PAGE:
Republicans in the Senate were unable to dismantle Obamacare during an early morning vote of the so called “skinny repeal bill” on Friday morning that failed to gain traction after hours of discussion in the Senate on Thursday night.
After 3 Senate Republicans voted against the “skinny repeal bill” in a 49-51 vote, Senate Majority Leader Mitch McConnell described the outcome of Friday’s vote as a “disappointment.”
“I regret that our efforts were simply not enough this time” Sen. McConnell told senators.
The 3 Republicans who voted against the “skinny repeal bill” included Sen. Susan Collins of Maine, Sen. Lisa Murkowski of Alaska, and Sen. John McCain of Arizona.
President Trump expressed his dissatisfaction in the form of a new tweet when he tweeted, “3 Republicans and 48 Democrats let the American people down. As I said from the beginning, let ObamaCare implode, then deal. Watch!
3 Republicans and 48 Democrats let the American people down. As I said from the beginning, let ObamaCare implode, then deal. Watch!
— Donald J. Trump (@realDonaldTrump) July 28, 2017
Democratic Senate Minority Leader Chuck Schumer of New York explained that Senate Democrats aren’t in a celebratory mood after the defeat of the Republican healthcare bill.
“We are not celebrating, we are relieved” Minority Leader Schumer said.
“And millions and millions of people who would have been so drastically hurt by the 3 proposals put forward will at least retain their healthcare, be able to deal with preexisting conditions, deal with nursing homes and opioids that Medicaid paid for. We are relieved, not for ourselves, but for the American people.”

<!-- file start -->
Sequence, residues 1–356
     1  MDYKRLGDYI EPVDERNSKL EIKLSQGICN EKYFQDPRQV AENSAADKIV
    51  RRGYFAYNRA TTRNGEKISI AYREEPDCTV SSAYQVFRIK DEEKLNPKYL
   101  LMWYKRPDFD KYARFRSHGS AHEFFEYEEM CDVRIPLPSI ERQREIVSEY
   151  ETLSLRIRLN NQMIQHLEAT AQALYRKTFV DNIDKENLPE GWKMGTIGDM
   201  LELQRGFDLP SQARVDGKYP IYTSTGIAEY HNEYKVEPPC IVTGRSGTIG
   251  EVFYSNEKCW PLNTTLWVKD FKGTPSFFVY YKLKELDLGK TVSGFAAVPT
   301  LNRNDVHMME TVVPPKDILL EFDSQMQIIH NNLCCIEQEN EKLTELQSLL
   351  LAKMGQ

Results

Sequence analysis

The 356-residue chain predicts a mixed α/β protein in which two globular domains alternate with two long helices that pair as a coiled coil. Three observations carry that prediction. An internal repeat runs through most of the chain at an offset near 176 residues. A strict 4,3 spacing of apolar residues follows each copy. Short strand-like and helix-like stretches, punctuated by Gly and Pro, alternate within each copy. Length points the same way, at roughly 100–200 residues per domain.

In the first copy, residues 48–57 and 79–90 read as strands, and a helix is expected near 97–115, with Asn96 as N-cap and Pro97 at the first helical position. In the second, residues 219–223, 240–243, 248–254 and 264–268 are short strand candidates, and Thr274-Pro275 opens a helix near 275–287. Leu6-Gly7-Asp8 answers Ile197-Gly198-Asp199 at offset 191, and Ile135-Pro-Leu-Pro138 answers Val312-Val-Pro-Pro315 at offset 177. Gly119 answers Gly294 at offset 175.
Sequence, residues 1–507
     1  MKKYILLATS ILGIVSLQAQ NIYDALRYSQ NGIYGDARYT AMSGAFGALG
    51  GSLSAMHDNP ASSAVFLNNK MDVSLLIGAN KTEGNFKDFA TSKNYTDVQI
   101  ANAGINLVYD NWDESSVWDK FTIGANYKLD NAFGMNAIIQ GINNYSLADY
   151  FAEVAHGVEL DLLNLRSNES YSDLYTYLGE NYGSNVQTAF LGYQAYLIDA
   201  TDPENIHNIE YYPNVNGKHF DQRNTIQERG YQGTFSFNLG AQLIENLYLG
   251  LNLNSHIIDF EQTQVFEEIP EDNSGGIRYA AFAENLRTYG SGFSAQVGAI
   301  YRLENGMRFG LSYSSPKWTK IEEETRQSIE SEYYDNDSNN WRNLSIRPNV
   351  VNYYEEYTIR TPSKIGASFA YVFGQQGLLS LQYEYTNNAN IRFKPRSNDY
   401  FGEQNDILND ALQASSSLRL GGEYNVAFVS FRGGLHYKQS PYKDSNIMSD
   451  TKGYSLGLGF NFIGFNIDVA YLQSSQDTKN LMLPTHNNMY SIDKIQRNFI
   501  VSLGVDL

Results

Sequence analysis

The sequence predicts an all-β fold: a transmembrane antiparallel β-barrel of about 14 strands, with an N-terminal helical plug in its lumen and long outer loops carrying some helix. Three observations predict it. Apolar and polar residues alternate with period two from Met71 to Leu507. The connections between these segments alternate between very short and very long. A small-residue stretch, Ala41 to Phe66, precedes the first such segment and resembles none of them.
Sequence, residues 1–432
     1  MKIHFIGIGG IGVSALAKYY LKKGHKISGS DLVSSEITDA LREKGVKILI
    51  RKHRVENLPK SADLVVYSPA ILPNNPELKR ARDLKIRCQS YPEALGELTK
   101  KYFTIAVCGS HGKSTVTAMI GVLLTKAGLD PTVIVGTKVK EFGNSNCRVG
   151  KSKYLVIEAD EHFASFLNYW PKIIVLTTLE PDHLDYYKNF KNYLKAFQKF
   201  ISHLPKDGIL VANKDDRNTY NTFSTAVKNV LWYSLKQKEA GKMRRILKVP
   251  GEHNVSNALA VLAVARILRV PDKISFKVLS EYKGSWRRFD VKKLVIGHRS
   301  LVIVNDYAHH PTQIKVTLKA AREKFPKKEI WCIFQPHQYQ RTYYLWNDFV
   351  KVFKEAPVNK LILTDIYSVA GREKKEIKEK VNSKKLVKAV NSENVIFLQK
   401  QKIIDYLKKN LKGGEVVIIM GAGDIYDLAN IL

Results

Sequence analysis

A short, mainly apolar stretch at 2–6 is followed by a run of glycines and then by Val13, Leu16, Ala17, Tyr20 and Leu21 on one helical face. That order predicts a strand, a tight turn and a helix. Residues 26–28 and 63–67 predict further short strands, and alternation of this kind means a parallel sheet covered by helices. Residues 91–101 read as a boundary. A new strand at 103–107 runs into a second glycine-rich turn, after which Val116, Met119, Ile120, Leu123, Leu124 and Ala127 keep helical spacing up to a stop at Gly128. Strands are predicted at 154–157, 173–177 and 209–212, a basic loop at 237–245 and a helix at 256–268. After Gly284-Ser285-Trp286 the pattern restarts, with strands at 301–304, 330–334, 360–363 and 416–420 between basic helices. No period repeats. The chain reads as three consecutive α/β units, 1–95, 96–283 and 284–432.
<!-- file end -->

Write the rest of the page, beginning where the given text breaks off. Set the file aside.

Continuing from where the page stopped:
Minority Senate Leader Schumer said that Obamacare was “hardly perfect” but admitted it did a lot of good things and still needs improvement.
He called for a bi-partisan effort to work together on Capitol Hill to improve Obamacare.
“So lets turn the page and work together to improve our healthcare system” Minority Senate Leader Schumer said in the Senate after the vote.
Overturning Obamacare proved to a complicated undertaking for Republicans with the 2018 mid-term elections around the corner.
It also represented a policy defeat for President Trump who made repealing and replacing the Affordable Care Act one of his central themes during the election season.
Public dissatisfaction grew stronger after Republicans presented their repeal and replace plans that failed to ignite strong support from Americans.
Analysis from the Congressional Budget Office (CBO) showed that millions of Americans will become uninsured.
The latest Congressional Budget Office score of the “skinny repeal bill” showed that 16 more million Americans would be without medical insurance by 2026 if it became implemented.
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